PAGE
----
Visual effects of superb quality are now common in television work, games, VR and attractions as well as in cinema. It is a vibrant industry that has bulked up on steroids, and while its sheer size makes it seem new and different, I think much of its underlying DNA is still the same, and the model that has been with us since ‘Star Wars’ persists.
Nicholson: Today’s VFX business model will continue to evolve as we respond to the ever-increasing creative demands and the rapidly evolving technologies which are reshaping media production and distribution. Tomorrow’s VFX business model will be less centralized, more collaborative and more globalized, offering limitless scalability and extreme horsepower at a reasonable price.
We are developing this business model into a very diverse group of internationally-networked artists with unlimited access to extensive cloud- based software and off-site rendering. Challenging VFX work deemed impossible today will be achieved by virtual communities of decentralized yet integrated artists networked through efficient digital delivery pipelines to meet the demands of tomorrow’s media.
Ali: VFX facilities will persist in the foreseeable future because visual effects is all about creating and achieving the director’s vision. This unique challenge cannot be commoditized or ‘manufactured’ and is often prone to subjectivity, as we try to create the ‘impossible’ – that which cannot be achieved in camera. As always it is a team sport and requires creative talent and a group of experienced knowledge-based team members through all facets of production from prep to post.
A successful production is one that has a reliable pipeline that can operate at the speed, volume and quality level demanded by clients and even more importantly a collection of experienced core-talented artists capable of synergistically deconstructing very complex creatives, technical directors that can script solutions at a moment’s notice, and experienced producers that understand the strength and challenges of the team and can mitigate the production’s liability. This is not something that can be organized or achieved within weeks of a project being green lit.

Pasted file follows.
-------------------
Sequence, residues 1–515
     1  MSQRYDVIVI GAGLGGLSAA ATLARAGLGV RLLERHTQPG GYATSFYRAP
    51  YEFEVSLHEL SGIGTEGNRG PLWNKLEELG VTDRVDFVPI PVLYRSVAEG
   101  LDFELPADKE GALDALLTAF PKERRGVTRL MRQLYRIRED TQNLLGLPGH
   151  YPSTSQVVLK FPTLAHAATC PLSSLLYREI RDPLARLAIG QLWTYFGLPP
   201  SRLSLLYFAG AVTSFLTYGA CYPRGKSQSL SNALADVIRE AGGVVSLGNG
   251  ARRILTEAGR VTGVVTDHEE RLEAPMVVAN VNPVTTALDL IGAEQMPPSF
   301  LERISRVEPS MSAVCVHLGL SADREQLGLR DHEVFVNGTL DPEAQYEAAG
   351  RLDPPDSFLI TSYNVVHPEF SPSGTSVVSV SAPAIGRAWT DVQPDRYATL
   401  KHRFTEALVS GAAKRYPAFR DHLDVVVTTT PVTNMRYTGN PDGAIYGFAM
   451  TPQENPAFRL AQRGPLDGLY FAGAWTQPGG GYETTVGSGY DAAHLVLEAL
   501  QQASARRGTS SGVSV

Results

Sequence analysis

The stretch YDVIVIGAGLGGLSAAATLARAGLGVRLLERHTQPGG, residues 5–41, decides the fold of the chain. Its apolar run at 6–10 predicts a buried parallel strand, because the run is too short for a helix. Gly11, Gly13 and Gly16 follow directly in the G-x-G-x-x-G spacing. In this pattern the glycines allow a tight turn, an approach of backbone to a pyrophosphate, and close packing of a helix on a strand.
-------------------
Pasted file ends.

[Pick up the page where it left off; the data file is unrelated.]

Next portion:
Newer tools will continue to allow artists to do more faster. Cloud computing is lowering barriers to entry on the cost and technology side and, the talent pool is growing internationally. So those trends may appear to favor decentralization and that may well exist in one form or another. However, in order to continue to innovate and reshape our industry, we need critical mass of resources working together to allow for creative invention and the development of new techniques as we continue to pioneer into the ever-evolving, challenging and inspiring creative marketplace that we work in.
May: The stakes have been raised for VFX and post professionals. In today’s landscape, they have to do more in less time. There are new consumption platforms (streaming, mobile, etc.), new standards (the jump from SD to HD and beyond with 4K/Ultra HD), and new technology and systems (high frame rate, high dynamic range, etc.) to keep up with. This all means that siloed workflows are no longer viable for today’s VFX facilities.